For a man who has achieved worldwide recognition in agriculture and politics, Henry Plumb’s career had what appeared at the time to be an inauspicious start.
Aged 15 and a schoolboy at the beginning of the Second World War, he was taken out of school by his father to help on the farm. All Plumb senior’s farmworkers had been called to the army and his teenage son was needed to keep the farm afloat. It was believed the war would be over in months and that Henry would be able to return to school to complete his education, but six years later it was too late and he never went back.
It can be argued that this initiation to hard work early in life provided a solid background to all his subsequent achievements. For as well as doing much of the work on 121 mixed farming hectares in Warwickshire, he joined the Young Farmers Club at Coleshill, where he participated in all activities, including finding a wife, Marjorie, and learned about life.
- 1925 – Born Charles Henry Plumb
- 1947 – Married Marjorie Dorothy Dunn
- 1966-69 – Deputy president of the NFU
- 1970-79 – President of the NFU
- 1973 – Knighted
- 1975-79 – Chairman of the British Agricultural Council
- 1976-86 – President of the NFYFC
- 1979-82 – Chairman of the International Federation of Agriculture
- 1987 – Made a life peer – Baron Plumb of Coleshill in the county of Warwickshire
- 2000 – President of the National Sheep Association
- 2002 – Deputy president HRH
- 2013 – Henry Plumb Foundation
But tragedy struck in 1952 when Henry’s father died aged 58 and Henry became head of the family, aged 27.
The county secretary of the NFU became his mentor and so began the off-farm career that has dominated his life since. The young man became active in the union and was soon elected to its national council. In 1964 he was elected NFU vice-president aged 38 – the youngest ever office holder of the union.
He was a member of the Northumberland Committee inquiry on the outbreak of foot-and-mouth in the late 1960s when Farmers Weekly’s predecessor Farmer and Stockbreeder credited him with single-handedly persuading the committee to recommend prohibiting importing carcass meat from countries where the disease was endemic.
By 1970 he was president, a job he did with distinction for nine years. During his term in office Britain entered the European Economic Community and Henry successfully negotiated greater support for British agriculture in the newly formed Common Agricultural Policy.
“Lord Plumb has raised the profile of UK agriculture over many decades as NFU president and European Parliament president – leading marches on Whitehall, creating the International Food Agriculture Trade Policy and championing equitable and open trade. For such a charming man, he has been ruthless in his ambition to give British farmers a fair deal.”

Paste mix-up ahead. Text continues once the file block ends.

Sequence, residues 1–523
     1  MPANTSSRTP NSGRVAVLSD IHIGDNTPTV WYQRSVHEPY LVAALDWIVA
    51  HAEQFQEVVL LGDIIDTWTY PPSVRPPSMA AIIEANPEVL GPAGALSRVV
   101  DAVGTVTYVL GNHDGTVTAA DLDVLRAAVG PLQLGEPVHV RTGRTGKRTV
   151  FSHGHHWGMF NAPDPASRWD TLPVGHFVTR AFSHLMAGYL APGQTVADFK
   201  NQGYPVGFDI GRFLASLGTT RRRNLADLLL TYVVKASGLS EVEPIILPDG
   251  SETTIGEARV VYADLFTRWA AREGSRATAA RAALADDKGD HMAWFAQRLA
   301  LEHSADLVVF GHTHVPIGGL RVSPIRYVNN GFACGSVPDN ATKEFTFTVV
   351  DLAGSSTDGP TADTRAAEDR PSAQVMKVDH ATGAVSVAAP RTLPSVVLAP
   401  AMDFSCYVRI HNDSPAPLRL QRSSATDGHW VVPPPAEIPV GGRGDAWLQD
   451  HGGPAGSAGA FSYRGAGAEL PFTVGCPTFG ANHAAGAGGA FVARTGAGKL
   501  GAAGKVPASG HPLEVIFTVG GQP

Editor Farmers Weekly
He was a strong supporter of the pro-market campaign and stressed that Britain no longer had the economic power to deliver cheap food.
When his presidency of the NFU ended his son John, who was by then running the family farm, asked “What are you going to do now?”
“Come back to the farm to help you,” Henry replied. “What would like me to do?”
“Well, you can start by sweeping the yard,” said John. That, at least, is Henry’s story and it was then, he says, that he decided to go into politics.
He was elected MEP for the Cotswolds in 1979 and almost immediately became chairman of its agriculture committee. Several other chairmanships followed until he became president of the European Parliament itself in 1987, the same year he was made a peer.
Meanwhile, he travelled widely, developing a broad understanding of the problems of agriculture and getting to know the most influential leaders around the world, many of whom honoured him.
He has supported and chaired many UK farming organisations and now, in his senior years, he has set up the Henry Plumb Foundation to help young people through funding and mentoring to get a foot on the farming ladder and perhaps, like him, become inspirational industry leaders.
It’s fitting that his favourite Churchill quote, said in his presence, sums up his life so well: “You can make a living by what you get. You make a life by what you give.”
“We are delighted to honour someone who has been such a powerful and positive influence in British agriculture – championing fairness for its producers and inspiring professionalism throughout the sector.”